Major Sporting Events: Why are we so keen to host them and do they bring the benefits we’re led to believe? Part 1
Posted: Wed, 23 Apr 2014 10:37
Last week, Brazil unveiled its $10 billion infrastructure budget for the 2016 Olympics in Rio de Janeiro. Here in the UK, it's coming up to two years after the London Games and, with the football World Cup in Brazil and The Commonwealth Games in Glasgow both imminent, it's more reason to reflect on the impacts of inviting one of the world's great sporting circuses to pitch its Big Top on your village green. We're only too aware of how precarious our own Olympic legacy is at the moment, approaching two years.. Read More »
Posted: Wed, 09 Apr 2014 13:07
UK Sport's decision to withdraw funding from six Olympic sports recently has caused a furore amongst commentators criticising the 'No Compromise' approach to achieving Olympic medal success. It is argued that UK Sport's policy is disproportionate and exacerbates inequality among sports at the top level that may take decades to overcome. For the critics, the stand-out sport among those left behind is basketball, an accessible sport with growing popularity (the biggest grassroots base of any Olympic team sport).. Read More »
Posted: Tue, 01 Apr 2014 11:49
Counting the cost: This latest report summarizes the projected financial impact of inactivity and sedentary lifestyles, and the potential savings to be made by moving people into activity. This is not just about obesity, the research is there that points to benefits in academic attainment, social skills, mental health, employability and the reduction of crime and anti-social behaviour. As Dr. William Bird says in his foreword it's better to be overweight and active than a normal weight and inactive. This is.. Read More »
Posted: Fri, 21 Mar 2014 16:06
By Wayne Morris, Head of Community & CSR, Premiership Rugby
There's been a lot of talk focus on the Olympic legacy, recently. Rightly so. The taxpayer must be sure the money has created a lasting impact.
But in all the talk, one key legacy has been unfairly overlooked: our expertise in Sport for Development.
Too few realize (let alone acknowledge) that the UK is an intellectual and practical powerhouse in the sport for development field.
We have top quality academics, coaches, charities, policy makers, sports.. Read More »
Posted: Sat, 22 Feb 2014 21:46
One word can make all the difference. The 'F' word used by the Sports Minister, Helen Grant yesterday certainly caused a storm into what was otherwise a good news story about trying to attract more women, and particularly girls into sport.
The result of the 'F' word scored somewhere on the scale between 'unfortunate' and 'shocking'. The offending 'F' word of course being "feminine"
Out of context, it could be seen as shocking but Ms Grant was responding specifically to a question about trying to engage image conscious.. Read More »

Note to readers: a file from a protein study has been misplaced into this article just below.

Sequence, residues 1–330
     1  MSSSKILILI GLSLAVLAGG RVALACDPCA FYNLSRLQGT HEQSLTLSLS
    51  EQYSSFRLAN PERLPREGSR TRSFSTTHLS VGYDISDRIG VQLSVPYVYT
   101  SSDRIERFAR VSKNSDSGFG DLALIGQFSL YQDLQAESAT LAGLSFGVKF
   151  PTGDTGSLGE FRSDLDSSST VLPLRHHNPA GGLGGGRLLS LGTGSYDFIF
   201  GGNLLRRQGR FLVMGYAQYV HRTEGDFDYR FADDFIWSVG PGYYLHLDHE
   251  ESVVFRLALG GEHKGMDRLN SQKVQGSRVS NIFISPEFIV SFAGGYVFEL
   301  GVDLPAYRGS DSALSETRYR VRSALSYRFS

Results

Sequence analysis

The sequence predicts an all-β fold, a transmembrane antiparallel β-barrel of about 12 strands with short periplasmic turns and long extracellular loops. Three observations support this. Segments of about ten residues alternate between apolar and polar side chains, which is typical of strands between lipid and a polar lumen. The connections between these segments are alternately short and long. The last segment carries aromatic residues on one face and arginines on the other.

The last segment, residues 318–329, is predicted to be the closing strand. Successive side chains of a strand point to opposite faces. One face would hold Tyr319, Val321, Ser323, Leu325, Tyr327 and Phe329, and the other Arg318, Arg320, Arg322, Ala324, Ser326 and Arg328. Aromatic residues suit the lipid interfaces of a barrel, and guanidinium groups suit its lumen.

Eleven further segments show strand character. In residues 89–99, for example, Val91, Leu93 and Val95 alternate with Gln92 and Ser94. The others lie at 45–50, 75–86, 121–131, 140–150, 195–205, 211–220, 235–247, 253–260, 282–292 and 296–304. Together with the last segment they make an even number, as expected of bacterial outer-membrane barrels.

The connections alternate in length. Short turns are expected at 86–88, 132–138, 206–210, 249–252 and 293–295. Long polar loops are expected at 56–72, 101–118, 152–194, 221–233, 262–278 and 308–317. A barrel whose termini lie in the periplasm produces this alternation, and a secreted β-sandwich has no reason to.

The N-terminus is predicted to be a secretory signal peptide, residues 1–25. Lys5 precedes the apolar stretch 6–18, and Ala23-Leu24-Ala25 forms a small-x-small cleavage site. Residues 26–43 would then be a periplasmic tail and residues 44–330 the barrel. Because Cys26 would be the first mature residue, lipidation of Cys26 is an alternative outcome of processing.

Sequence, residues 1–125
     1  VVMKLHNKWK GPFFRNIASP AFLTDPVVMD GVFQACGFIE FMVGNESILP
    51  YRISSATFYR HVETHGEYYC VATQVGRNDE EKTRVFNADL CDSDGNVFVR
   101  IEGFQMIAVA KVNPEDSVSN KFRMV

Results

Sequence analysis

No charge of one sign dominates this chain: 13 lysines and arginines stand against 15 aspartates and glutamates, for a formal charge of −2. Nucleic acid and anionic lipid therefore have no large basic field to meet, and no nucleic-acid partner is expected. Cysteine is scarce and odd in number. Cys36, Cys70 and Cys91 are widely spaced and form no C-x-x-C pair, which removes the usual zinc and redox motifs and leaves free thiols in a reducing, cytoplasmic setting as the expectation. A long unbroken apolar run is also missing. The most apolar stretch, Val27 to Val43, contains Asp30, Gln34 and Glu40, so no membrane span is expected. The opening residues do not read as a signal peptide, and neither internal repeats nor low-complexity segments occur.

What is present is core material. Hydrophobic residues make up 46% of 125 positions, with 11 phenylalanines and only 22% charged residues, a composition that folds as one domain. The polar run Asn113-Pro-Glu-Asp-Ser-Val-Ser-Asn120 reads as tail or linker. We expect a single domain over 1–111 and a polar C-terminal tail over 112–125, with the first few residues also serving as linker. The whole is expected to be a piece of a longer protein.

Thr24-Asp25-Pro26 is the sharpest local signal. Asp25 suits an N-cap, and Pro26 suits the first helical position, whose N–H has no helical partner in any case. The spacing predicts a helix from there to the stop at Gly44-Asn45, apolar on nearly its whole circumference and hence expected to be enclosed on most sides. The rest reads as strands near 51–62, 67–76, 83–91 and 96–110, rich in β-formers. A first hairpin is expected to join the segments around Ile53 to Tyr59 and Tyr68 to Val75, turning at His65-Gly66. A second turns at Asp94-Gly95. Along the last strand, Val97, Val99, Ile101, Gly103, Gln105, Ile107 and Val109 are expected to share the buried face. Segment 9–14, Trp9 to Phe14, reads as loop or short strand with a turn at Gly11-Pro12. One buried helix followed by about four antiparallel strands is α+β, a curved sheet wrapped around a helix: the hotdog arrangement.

Posted: Thu, 06 Feb 2014 15:52
As you can see from our news section UKSport have made their funding decision for the Rio Cycle as part of their No Compromise approach to elite funding.
There has been an understandable argument in the media over the last few days from those sports that hoped to retain or gain funding up to 2016. There is also a wider but less vocal sports world outside the Olympics who want to know why as a country we only value Gold medals.
In response to some of this criticism the following was quoted in MVP magazine about.. Read More »
Posted: Thu, 30 Jan 2014 17:12
Guest Blogger Martyn Allison takes up the issue of 'winners & Losers'
Over recent weeks the media have featured many interesting debates on the importance and value of sport and physical activity particularly for children, but it was the story this week about the RFU's new rules on mini rugby that caused me to tweet my frustration after a pointless breakfast TV debate! The telegraph headline typifies the nature of the debate " Rugby joins the ranks of the politically correct with 'no winners ' rules for children",.. Read More »
Posted: Fri, 24 Jan 2014 14:49
The announcement yesterday by Sport England of a more mixed approach to delivery of its strategy would have come as no surprise to those who have been watching closely over recent months. The language towards NGBs has become much tougher and the idea of allowing others within sport to deliver participation growth has been signalled fro a long time.
We will be taking a look at the expansion of this policy and what it will mean for 'sport' - which of course does not just mean NGBs. The history of funding for sport.. Read More »
Posted: Sat, 18 Jan 2014 11:58
January is always a good time to talk about sport and physical activity. We al know that millions of people make those new year resolutions to change their lives - from taking up learning the piano to the most popular of course to lose weight and 'get fit'.
Yet we all know (and the gym membership model seems to work on it) that those January good intentions very rarely last the a few months never mind a whole year!
However, is it good enough for us all in the sector to shrug our shoulders and just admit defeat?.. Read More »
Posted: Wed, 04 Dec 2013 11:53
The debate around school sport has been one of the most hotly contested since the cut to the SSPs in the 2010 Budget. The lack of an alternative left the government open to massive criticism as the legacy from the Olympics became the the next big topic!
The House of Commons Education Select Committee looked at this issue in depth and the report can be found on this site here.
As the title of the report suggested there is a general feeling that this issue can become a bit of a 'political football' All too often.. Read More »